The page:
The output values of A2 and P2 from the process channel blocks as in 108 1, 108 2, and 108 3 are analysed. If both components A2, P2 are clearly detectable in at least one of the sub channels, these are the values for A2, P2. If both components are not clearly detectable then the outputs of the process channel blocks as in 108 1, 108 2, and 108 3 are compared sub-channel by sub-channel with the output of the process channel blocks for other sensors (not shown) of the same sub channels at blocks 110, 112, and 114. In the case at hand, there are illustratively two sensors (the second sensor not shown) the outputs of the process blocks of which are thus compared pair wise.
Illustratively, the comparison is carried out on each frequency band according to the following set of rules, although it should be understood that this is an example and not intended to be limiting:
A similar approach is used in the case of multiple sensors.
The SI for each sub-channel, including combined channels, is also calculated.
The A2 and P2 components in the LF, MF, and HF sub-channels have small variations in positioning because of different frequency content. As a result, at block 116, heuristic rules are used to correct those deviations and produce A2 and P2 single values from the combination of A2 and P2 from all sub-channels (LF, MF, HF) as well as any combined values which may have been generated. An illustrative example of the heuristic rules applied at block 116 is as follows:
Referring now to
At the same time consistency of solution and signal-to-noise ratio (SNR) for each sub-channel is estimated and stored in separate lists. In this regard, for each sub-range the SNR is estimated. Consistency indicates the percentage of beats not rejected due to high noise. Illustratively, in order to determine the SNR, the S2 sound is first detected as well as the precise position of the start and end of S2. The signal component (S) is calculated as the energy between the start and end of S2, divided by the duration of S2 (in msec). The noise component (N) is calculated as the energy within 50 msec segment before the start of S2 added to the energy within 50 msec segment after the end of S2 divided by 100 msec. The resulting signal-to-noise ratio is calculated as SNR=S/R.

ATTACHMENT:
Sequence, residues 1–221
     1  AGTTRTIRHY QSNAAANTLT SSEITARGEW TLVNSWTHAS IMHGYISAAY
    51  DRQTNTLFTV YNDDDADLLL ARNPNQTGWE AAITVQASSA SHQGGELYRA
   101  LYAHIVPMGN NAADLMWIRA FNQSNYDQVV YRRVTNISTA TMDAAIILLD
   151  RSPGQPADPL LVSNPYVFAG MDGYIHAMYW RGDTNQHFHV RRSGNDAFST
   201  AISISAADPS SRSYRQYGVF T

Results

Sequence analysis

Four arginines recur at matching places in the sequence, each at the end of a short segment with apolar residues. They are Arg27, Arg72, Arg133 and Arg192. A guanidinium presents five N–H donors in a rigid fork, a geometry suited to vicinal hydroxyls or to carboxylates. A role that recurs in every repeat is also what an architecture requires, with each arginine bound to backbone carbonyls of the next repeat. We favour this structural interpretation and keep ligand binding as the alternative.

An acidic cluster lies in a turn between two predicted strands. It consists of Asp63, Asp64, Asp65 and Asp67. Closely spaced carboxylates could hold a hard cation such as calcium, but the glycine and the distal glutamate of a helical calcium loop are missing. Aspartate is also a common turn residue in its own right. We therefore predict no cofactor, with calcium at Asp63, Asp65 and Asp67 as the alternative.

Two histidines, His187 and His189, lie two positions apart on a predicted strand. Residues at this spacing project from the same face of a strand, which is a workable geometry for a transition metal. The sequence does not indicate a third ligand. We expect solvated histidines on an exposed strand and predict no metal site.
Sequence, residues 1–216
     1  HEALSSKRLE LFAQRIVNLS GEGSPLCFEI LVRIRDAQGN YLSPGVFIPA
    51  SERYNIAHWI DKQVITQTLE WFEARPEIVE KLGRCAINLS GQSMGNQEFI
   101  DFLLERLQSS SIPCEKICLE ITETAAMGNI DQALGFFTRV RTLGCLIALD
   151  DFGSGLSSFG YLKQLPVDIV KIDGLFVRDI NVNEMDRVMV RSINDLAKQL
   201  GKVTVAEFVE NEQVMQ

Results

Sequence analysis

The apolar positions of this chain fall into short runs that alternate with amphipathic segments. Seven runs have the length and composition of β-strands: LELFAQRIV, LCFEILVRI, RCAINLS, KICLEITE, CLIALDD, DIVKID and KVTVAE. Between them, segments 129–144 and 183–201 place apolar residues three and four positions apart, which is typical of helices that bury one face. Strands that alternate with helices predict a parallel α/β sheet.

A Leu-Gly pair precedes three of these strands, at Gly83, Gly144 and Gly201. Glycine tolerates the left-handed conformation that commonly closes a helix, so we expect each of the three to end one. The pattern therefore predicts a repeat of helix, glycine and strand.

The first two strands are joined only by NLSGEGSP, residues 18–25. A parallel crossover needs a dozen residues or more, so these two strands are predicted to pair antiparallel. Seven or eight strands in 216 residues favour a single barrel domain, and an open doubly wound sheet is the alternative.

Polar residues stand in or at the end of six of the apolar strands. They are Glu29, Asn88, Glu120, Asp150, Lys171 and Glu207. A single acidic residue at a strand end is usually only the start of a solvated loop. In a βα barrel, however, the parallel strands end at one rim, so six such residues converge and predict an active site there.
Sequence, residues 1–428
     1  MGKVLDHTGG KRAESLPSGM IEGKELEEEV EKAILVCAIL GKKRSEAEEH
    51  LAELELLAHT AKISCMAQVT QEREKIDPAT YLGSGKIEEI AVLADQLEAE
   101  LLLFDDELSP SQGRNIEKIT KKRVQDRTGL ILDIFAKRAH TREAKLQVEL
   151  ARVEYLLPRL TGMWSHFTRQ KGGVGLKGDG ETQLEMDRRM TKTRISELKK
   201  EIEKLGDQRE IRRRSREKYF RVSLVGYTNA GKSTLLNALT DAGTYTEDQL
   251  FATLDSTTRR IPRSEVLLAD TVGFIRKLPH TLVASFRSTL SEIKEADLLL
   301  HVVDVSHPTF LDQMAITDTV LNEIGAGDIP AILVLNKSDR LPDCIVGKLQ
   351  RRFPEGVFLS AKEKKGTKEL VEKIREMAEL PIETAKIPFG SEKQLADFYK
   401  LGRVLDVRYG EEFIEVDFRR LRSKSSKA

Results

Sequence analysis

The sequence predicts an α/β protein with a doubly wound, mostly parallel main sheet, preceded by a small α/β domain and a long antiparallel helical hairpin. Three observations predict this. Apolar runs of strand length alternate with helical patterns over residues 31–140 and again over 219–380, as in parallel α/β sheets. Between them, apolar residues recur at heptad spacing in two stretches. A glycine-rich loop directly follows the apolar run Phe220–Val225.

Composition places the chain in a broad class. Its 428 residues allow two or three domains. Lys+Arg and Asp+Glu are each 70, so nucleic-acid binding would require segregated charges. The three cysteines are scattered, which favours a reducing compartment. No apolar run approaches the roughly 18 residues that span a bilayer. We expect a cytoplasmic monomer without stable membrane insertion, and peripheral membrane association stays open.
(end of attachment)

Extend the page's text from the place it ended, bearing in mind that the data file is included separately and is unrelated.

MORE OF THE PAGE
After all beats within the time averaging interval (in the case at hand illustratively 1 minute) have been processed in the above manner, a series of values of A2, P2 and SI are ready for statistical validation. At a first step of the validation process the distributions of A2 and P2 are estimated and a threshold location in time from the start of S2 value T calculated using the bias criterion. Typically between 50-200 beats are present during a one minute sampling interval. Histograms are used in order to provide an estimation of the distributions. The distribution law of SI is used for additional control of the T value in the case of multi-peak distribution of A2 or P2.
At block 130, any values of A2 which are located at a time greater than T from the start of S2 and values of P2 located at a time of less than time T from the Start of S2 are discarded from the stored values. The SI values are then recalculated at block 132 using only those A2 and P2 values which still have pairs.
At blocks 134, 136 and 138 the central peaks on the A2, P2 and SI histograms are estimated using a two-iteration method. During a first iteration the central peak of each histogram is identified. During a second iteration, 20% of the input values, those which are the most distant from each central peak are removed. The histogram is rebuilt using only the remaining input values. Then at block 140 the value SI′=P2−A2 is calculated.
At block 142, SI′ is compared with the peak value of SI calculated at block 138. If the difference between SI and SI′ is less than 1% of the average beat duration, the mean value of SI and SI′ is produced as the final output value for SI. If the difference between SI and SI′ is greater than 1% of the average beat duration, the values of SI, SI′ having a higher consistency value, as previously calculated at blocks 144, 146 provides the final output value.